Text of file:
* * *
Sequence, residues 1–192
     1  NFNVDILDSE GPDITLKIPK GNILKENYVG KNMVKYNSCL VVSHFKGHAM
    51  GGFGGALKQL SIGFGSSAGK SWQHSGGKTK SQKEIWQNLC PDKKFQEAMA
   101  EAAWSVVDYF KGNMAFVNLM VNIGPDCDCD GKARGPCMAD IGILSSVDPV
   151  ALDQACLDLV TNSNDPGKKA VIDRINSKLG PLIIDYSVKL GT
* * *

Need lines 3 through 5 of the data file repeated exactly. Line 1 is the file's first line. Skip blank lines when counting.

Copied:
    51  GGFGGALKQL SIGFGSSAGK SWQHSGGKTK SQKEIWQNLC PDKKFQEAMA
   101  EAAWSVVDYF KGNMAFVNLM VNIGPDCDCD GKARGPCMAD IGILSSVDPV
   151  ALDQACLDLV TNSNDPGKKA VIDRINSKLG PLIIDYSVKL GT